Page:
In a recent post, I extolled the virtues of a memorable and perfectly timed conclusion. I examined the detriments associated with the protracted or seemingly unending ending and empathized with lingering finishers. It’s tricky business, all that summing up and loop closing and requisite symmetrical resonance. Most of us prefer the gleaming, unencumbered whiteboard of beginnings with all their hopeful possibilities and mystery to the pressure and bittersweet finality of endings.
That is, unless you have commitment issues.
Potential and promise notwithstanding, taking the first step of any new endeavor requires as much mettle and dedication as crossing the finish line, if not more. After all, a vast expanse of conceivable failure lies between that first mile and victory lane. Whether the venture is a new relationship, business, exercise regimen, or degree program, its commencement requires long-range vision, ongoing planning, the subduing of distractions, and sheer audacity.
Even determining where and how to begin can be paralyzing, as the fictional artist Lily Briscoe, one of Virginia Woolf’s most venerated characters, knows all too well: “She took her hand and raised her brush. For a moment it stayed trembling in a painful but exciting ecstasy in the air. Where to begin? – that was the question at what point to make the first mark? One line placed on the canvas committed her to innumerable risks, to frequent and irrevocable decisions. […] Still the risk must be run; the mark made” (To the Lighthouse).
Ah, those pesky, irrevocable decisions.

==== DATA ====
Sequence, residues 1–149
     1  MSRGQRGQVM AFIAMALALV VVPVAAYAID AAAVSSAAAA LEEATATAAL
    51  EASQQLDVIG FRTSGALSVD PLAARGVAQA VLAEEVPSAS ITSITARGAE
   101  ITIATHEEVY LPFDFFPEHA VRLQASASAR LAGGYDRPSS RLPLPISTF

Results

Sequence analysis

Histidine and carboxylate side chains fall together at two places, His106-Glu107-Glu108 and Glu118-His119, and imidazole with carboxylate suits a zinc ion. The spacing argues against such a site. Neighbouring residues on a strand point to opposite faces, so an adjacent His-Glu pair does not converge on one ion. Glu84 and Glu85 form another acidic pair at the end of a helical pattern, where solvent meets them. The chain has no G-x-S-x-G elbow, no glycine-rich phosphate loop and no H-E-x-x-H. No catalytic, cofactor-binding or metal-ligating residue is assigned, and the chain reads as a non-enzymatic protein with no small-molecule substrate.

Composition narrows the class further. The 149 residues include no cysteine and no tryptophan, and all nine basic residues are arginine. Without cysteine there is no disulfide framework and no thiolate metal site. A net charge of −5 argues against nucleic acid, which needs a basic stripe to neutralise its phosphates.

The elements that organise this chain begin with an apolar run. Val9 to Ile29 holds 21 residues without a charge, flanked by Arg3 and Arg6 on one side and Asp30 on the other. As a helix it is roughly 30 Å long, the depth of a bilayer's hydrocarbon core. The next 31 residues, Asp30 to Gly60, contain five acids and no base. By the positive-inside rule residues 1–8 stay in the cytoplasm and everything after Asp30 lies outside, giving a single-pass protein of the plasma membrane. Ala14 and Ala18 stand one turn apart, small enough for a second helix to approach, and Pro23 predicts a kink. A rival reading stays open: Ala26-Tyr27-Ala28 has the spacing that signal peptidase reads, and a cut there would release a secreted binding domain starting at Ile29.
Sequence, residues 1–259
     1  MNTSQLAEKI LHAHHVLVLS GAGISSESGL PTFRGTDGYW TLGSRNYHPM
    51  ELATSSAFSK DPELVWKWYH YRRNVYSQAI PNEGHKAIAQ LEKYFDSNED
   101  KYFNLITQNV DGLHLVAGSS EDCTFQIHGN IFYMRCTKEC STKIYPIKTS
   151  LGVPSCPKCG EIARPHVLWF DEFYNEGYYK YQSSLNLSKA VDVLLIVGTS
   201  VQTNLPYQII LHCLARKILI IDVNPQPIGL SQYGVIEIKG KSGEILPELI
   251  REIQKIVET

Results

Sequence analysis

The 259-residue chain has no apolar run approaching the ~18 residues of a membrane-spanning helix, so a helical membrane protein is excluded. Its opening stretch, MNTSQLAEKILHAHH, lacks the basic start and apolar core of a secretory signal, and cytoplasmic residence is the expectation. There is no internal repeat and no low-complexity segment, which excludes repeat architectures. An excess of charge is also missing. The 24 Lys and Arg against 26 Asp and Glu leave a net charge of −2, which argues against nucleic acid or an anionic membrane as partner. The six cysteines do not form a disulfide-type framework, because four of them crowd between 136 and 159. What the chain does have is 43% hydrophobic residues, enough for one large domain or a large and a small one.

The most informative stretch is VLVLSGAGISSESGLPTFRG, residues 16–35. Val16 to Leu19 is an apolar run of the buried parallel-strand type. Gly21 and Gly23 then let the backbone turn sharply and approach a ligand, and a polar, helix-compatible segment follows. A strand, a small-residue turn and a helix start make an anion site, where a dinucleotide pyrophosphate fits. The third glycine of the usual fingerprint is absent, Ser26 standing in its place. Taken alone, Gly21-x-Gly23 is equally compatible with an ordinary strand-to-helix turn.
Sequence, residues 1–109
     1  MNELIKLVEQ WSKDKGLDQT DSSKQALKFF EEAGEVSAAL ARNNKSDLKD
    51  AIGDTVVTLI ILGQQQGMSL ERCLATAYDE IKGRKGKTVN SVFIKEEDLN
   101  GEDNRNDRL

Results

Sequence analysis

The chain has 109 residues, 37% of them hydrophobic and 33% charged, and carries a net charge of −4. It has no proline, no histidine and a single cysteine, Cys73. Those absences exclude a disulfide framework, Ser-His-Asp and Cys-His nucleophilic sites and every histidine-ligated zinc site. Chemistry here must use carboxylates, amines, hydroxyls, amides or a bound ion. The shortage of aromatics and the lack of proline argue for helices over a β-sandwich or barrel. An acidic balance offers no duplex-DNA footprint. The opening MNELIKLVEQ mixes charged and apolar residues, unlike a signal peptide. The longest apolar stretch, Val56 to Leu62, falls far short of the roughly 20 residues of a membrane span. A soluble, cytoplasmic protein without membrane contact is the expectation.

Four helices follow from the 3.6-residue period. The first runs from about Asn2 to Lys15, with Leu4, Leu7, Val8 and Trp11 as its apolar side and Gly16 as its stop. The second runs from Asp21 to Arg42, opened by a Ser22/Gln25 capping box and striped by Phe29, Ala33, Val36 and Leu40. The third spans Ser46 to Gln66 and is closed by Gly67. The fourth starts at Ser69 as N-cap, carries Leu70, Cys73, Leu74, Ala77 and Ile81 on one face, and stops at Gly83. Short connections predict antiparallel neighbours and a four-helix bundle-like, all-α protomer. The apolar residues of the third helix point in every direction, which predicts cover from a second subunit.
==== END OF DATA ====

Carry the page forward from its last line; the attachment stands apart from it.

The very idea of an unalterable first mark is enough to dissuade us all from leaving the house in the morning, let alone starting anything remotely adventurous. That’s why I’m an advocate of first (and second and third) drafts and pencils and the ever-useful and self-serving Plan B. They allow for false starts and initial missteps without forfeiting the goal.
Beginnings rarely, if ever, define the ending. Some would even avow that the end is where the journey or narrative begins, that our story lives in the retelling. According to novelist Walter Mosley, the completed first draft of a novel represents the margin between potential and work of art: “Now that you have come to the end […], you are ready to write it.” Perhaps that’s what I love most about writing – inherent in the act is the opportunity, the necessity, to revise again and again, sometimes ad infinitum, for as long as the story, poem, or essay continues to enthrall and engage with its prospects.
In life, too, we learn from our mistakes and evolve beyond first attempts. Through subsequent drafts, we learn to critique and analyze and correct. We master interactions and dialogue once executed clumsily and eliminate the extraneous. We recognize the banality in experiences and ideas once thought profound and supplant them with truly meaningful moments and insights. And we find our soul and our viaticum and the courage to begin, revise, and begin again.
This column first appeared in the Orange County Register.
“Admiratrice dans l’atelier” (“Admirer in the Workshop”) by Étienne Leroy, 1885